“#Project365 #Self”

#Project365 #Self

#Project365 #Self, 2015
Digital photography
iPhone 5s camera, Instagram app

In my attempt to get creative in the midst of the crazy Mondays, not-much-lesser crazy Tuesdays-Wednesdays-Thursdays, TGIFs, no sleep-in Saturdays, and church Sundays, I started a 365 project.

There were 2 things I could always count on that I’d have at all times: my phone and my face! So, for my 365 project, I decided that I would take a self portrait each day for a year. I didn’t want my project’s focus to be on how to make a perfectly composed portrait (although that’d be pretty cool). I wanted to explore what made each day’s portrait unique and the reality of how someone probably looks when plopping on the couch after a hard day’s work – tired!

I was never really the type to get on the #selfie wave because I didn’t like being photographed, so this project was quite the push to get outside of my comfort zone. Plus, because it was going to be on Instagram, other people would see it too.

At times, I found myself trying to find the right angle, choose a nice background and pick the right filters and it soon became too much work. So, I decided to leave it up to chance and just shoot. What turns out is an interesting account of that day even when you think you didn’t do anything special. Each photo ends up being unique and I began to finslly be comfortable seeing myself.

Have fun and give it a try. Don’t be afraid of your own face! You’re lovely!

Share links to your #365projects with me in the comments below.

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“It’s not funny”

STOP BULLYING

Today’s Pink Shirt Day, also known as Anti-Bullying Day.

Personally I’ve been bullied growing up, and I think it’s very rare that a person can say they’ve never been bullied. Come to think of it, I’ve never heard anyone say they’ve never been bullied before. And if you can remember, it’s a horrible feeling.It makes you feel alone and very low. It’s embarrassing and it makes you feel powerless. And as much as people think it can be ignored – it’s nearly impossible.

For those of you struggling right now – don’t be afraid to get help.

Share and help raise awareness to #StopBullying. #Itsnotfunny

“Time to Settle Down”



Sundays are for church for me and my family, and on occasion, we have a Tagalog bible study in the church’s hall (everyone is welcomed).

So after service, we head down for lunch and the person leading the bible study prepares their notes. My sister usually plays the piano at the beginning and end of class.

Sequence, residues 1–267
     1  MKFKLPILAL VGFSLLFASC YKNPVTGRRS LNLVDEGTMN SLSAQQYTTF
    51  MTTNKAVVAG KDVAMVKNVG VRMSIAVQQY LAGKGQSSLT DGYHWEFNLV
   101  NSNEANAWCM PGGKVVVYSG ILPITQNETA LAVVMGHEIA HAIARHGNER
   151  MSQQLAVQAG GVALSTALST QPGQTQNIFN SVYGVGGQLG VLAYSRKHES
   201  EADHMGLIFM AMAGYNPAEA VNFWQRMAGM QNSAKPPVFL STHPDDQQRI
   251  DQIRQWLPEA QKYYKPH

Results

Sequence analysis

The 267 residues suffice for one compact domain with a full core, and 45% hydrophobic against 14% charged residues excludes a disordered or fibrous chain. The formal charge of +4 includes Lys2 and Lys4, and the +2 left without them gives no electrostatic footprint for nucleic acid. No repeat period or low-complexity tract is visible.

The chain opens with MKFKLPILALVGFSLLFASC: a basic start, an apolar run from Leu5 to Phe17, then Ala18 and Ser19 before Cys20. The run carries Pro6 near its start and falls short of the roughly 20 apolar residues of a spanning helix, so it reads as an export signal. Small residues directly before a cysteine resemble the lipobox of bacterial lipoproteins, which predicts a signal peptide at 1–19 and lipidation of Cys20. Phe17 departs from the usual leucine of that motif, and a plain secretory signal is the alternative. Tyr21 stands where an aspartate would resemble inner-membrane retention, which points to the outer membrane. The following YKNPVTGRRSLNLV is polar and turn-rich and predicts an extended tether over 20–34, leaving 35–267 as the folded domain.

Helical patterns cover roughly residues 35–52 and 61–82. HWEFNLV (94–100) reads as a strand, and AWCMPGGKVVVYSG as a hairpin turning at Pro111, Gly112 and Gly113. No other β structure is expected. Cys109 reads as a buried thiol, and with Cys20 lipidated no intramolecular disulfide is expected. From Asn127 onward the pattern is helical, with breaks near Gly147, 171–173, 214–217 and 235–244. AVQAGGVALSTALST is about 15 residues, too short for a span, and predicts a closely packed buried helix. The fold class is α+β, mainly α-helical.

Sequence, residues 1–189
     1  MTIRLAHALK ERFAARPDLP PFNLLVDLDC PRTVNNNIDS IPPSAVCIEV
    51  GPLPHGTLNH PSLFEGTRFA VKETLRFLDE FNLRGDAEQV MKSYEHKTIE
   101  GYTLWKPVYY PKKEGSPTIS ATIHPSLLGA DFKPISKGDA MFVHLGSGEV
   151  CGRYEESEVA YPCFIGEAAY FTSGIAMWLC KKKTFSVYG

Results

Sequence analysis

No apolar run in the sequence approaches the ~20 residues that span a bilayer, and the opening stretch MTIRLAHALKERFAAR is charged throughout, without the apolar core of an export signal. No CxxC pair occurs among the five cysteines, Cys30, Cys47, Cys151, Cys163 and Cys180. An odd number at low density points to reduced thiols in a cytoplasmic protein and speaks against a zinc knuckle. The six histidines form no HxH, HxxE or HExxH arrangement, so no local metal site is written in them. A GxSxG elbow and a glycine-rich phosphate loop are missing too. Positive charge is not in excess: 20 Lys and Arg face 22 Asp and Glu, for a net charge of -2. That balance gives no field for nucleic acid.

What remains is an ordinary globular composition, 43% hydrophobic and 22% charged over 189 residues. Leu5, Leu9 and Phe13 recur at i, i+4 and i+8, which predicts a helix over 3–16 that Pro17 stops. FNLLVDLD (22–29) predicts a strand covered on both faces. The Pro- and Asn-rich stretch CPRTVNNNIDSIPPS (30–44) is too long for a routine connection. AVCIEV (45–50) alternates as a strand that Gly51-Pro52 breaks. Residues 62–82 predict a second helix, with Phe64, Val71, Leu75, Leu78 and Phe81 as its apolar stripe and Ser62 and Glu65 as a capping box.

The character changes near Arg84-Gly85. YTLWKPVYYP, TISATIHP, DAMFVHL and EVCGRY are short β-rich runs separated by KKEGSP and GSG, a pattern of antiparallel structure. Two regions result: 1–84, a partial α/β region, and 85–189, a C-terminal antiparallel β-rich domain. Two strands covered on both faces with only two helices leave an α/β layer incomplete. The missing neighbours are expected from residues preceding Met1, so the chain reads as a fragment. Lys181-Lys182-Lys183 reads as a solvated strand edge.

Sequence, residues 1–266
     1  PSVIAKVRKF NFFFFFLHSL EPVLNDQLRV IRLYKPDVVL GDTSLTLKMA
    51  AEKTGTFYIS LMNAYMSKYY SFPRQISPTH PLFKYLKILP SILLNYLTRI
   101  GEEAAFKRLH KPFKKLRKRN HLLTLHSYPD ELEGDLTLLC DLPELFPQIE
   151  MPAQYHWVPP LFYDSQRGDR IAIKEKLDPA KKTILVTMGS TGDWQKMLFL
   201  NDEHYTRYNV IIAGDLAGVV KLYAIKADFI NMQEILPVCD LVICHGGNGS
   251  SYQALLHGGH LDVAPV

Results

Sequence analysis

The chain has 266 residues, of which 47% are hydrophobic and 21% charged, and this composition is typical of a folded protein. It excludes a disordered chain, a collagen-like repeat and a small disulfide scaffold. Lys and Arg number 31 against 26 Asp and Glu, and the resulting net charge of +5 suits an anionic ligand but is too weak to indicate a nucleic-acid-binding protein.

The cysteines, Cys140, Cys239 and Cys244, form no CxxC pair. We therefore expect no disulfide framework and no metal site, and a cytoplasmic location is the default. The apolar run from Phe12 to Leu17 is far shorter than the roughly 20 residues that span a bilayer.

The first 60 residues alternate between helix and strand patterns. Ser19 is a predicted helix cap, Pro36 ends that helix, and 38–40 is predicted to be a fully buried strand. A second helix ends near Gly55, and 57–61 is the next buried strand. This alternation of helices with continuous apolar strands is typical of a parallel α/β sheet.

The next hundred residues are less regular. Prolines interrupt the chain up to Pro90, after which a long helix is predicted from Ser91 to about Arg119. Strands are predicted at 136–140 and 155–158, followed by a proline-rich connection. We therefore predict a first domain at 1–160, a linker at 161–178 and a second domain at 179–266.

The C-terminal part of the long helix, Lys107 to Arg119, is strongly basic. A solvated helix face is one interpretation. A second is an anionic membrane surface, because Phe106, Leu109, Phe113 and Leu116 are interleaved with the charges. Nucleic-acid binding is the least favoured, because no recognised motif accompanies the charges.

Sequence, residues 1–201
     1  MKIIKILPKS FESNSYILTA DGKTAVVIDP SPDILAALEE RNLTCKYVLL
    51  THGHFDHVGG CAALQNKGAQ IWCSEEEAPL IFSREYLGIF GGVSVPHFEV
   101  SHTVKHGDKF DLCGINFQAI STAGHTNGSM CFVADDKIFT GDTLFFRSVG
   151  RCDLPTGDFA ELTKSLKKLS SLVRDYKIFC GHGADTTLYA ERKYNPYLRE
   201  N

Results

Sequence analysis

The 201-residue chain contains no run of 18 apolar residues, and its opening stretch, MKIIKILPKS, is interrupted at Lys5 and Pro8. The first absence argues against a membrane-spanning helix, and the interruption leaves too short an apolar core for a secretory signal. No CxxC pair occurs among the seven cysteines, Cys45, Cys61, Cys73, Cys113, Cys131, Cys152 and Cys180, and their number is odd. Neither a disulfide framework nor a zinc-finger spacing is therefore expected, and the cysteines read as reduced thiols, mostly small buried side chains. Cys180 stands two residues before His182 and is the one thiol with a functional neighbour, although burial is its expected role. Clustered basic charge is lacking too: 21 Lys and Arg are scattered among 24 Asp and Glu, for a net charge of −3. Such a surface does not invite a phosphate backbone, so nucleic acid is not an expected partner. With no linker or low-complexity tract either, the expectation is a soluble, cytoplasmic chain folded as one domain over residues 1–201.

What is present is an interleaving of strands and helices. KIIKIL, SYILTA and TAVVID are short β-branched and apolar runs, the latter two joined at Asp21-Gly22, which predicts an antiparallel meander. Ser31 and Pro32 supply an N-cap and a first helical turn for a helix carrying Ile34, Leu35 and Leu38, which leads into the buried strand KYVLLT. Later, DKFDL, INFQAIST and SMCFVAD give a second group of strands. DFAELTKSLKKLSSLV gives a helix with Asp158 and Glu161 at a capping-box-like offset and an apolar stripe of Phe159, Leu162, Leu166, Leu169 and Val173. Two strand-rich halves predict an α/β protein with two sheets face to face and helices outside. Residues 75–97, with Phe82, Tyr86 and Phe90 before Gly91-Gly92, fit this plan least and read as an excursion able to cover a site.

Between the time people begin to finish their lunch and the announcement to settle down for the start of the study, is the humming of people’s conversations and the piano being practiced on.

I could hear the voices and pick up certain words, but I wasn’t really listening to what people were saying. And oddly enough, I didn’t feel an urge to tune in. It was just sound. But I did find the sound interesting.

I was able to take a recording of what I could hear. Can you pick out the different voices and accents? Can you pick out the different words? Does any of it make sense to you?

I call this “Time to Settle Down”.

“People and Koi”

I call this blog by Richelle Himaya - People and Koi

Chicago road trip playlist: The Immaculate Collection

Last October, 2014, my friends and I went on a road trip to Chicago, Illinois. It was a much needed break for all of us and the perfect time to go just before the winter hit. The trip was going to be my first time to Chicago and my first road trip to the States.

But during our trip, there were times when even I felt we were running from one place to another. And the pic below was just one of many attempts to slow down and capture the hustle and bustle through the city.

trip2

One of our stops was at the Museum of Contemporary Art Chicago, which was where the footage of “People and Koi” came from. It captures the movement of people, koi, water and sound all simultaneously in motion, yet following a natural flow that can only fully be observed slowed down.

By allotting time to slow down, even for just a full minute, I was able to appreciate better what was around me. When it comes down to it, it took me a couple vacation days, an 8-hour road trip and running around Chicago to slow down and enjoy seeing people walk down stairs and look at fish swim in an indoor pond.

I’m now just taking the time to be present wherever it is.

I call this “People and Koi”.